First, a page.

Latest in Coil

Image credit:

Magnetic space tube to help suck up lunar soil

Jeannie Choe
March 19, 2007
Share
Tweet
Share

Sponsored Links


Not sure if NASA has this on tap or not, but Benjamin Eimer and Lawrence Taylor of the University of Tennessee in Knoxville just invented a special magnetic collection tube that sucks up lunar soil so we can extract precious resources for use in future moon colonies. The tube, which is sort of like an elephant's trunk or one of those leaf suckers, would suck up lunar soil (not peanuts and leaves) containing water, oxygen and other resources to be extracted by astronauts. They'd need to gather and transport large amounts of the stuff without stirring up jagged moon shards and hazardous dust, so bulldozer-like equipment is definitely out of the question. The tube's coils would create a magnetic field that attracts the iron-laden soil, keeping it neatly centered to be distributed to storage facilities or processing plants via a pipeline system. Assuming the tube rules at collecting a massive supply, the soil can then be bagged to stack on top of lunar habitats to help regulate unpredictable temperatures and block radiation from hazardous space particles. Sweet! Once they hook us up with some sci-fi WiFi, we'll be reporting from Engadget's new intergalactic office.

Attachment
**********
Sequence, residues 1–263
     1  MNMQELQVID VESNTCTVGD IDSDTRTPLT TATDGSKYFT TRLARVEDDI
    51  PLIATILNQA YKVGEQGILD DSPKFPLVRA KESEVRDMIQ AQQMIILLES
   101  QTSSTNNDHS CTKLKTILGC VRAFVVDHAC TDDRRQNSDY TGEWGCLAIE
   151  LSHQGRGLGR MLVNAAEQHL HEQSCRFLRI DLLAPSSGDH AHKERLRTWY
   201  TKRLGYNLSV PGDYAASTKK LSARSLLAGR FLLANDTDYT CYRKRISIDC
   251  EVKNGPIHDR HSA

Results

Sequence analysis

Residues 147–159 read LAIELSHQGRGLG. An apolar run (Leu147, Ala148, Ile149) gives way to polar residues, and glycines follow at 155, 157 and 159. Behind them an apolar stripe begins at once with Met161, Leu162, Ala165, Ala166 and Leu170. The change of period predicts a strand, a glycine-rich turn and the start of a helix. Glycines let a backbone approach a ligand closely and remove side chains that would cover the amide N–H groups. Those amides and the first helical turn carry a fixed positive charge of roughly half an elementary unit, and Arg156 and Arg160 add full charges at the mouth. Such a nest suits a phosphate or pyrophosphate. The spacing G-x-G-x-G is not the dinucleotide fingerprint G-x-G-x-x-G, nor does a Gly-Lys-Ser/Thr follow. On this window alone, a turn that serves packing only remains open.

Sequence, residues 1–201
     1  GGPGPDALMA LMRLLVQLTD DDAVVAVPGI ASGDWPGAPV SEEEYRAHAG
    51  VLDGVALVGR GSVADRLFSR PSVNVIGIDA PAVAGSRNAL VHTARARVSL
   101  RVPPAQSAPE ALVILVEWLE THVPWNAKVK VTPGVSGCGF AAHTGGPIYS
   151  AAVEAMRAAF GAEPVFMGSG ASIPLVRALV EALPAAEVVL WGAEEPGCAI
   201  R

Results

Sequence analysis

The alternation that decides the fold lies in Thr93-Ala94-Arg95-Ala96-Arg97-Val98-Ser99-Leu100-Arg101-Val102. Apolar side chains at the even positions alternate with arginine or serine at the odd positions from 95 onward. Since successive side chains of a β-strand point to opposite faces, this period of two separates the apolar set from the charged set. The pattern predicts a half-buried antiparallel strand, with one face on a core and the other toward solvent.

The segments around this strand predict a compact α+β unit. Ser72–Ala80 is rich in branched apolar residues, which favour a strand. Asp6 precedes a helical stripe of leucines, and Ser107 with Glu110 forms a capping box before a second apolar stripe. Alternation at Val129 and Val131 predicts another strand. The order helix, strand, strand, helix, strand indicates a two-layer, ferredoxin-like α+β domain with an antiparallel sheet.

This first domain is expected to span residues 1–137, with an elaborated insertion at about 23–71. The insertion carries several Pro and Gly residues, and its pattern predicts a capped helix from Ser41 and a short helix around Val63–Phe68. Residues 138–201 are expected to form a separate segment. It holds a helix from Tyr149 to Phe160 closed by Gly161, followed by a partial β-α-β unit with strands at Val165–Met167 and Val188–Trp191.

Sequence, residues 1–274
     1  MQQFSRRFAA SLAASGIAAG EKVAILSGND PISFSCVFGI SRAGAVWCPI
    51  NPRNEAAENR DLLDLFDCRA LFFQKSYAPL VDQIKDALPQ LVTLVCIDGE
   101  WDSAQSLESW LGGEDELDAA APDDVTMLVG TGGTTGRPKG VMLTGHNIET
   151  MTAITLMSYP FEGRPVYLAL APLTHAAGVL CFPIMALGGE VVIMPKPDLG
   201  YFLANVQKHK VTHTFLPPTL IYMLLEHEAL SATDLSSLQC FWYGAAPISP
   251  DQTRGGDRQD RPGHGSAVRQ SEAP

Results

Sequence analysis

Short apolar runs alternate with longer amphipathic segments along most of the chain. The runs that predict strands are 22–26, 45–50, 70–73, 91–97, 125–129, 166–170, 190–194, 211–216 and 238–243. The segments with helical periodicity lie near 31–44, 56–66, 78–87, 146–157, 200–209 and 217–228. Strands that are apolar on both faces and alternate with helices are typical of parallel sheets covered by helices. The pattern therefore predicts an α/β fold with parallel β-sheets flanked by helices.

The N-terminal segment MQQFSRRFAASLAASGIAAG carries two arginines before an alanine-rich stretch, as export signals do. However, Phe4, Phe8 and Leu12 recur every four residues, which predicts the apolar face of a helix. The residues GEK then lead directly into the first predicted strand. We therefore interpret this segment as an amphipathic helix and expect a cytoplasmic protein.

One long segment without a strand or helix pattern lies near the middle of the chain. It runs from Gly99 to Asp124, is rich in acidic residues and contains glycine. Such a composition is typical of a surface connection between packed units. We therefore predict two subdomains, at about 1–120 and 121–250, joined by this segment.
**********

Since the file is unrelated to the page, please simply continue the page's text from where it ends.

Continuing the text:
[Thanks, Matthew]






All products recommended by Engadget are selected by our editorial team, independent of our parent company. Some of our stories include affiliate links. If you buy something through one of these links, we may earn an affiliate commission.
Share
Tweet
Share

Popular on Engadget

Sony's A1 is a $6,500 50MP camera that shoots 30fps bursts and 8K video

Sony's A1 is a $6,500 50MP camera that shoots 30fps bursts and 8K video

View
‘Babylon 5 Remastered’ now available to buy, or stream on HBO Max

‘Babylon 5 Remastered’ now available to buy, or stream on HBO Max

View
iOS 14.4 rolls out with Bluetooth audio monitoring

iOS 14.4 rolls out with Bluetooth audio monitoring

View
Chrome OS 88 turns your Chromebook into an impromptu smart display

Chrome OS 88 turns your Chromebook into an impromptu smart display

View
Microsoft's profits jump by 33 percent thanks to the cloud, PCs and Xbox

Microsoft's profits jump by 33 percent thanks to the cloud, PCs and Xbox

View

From around the web

Page 1Page 1ear iconeye iconFill 23text filevr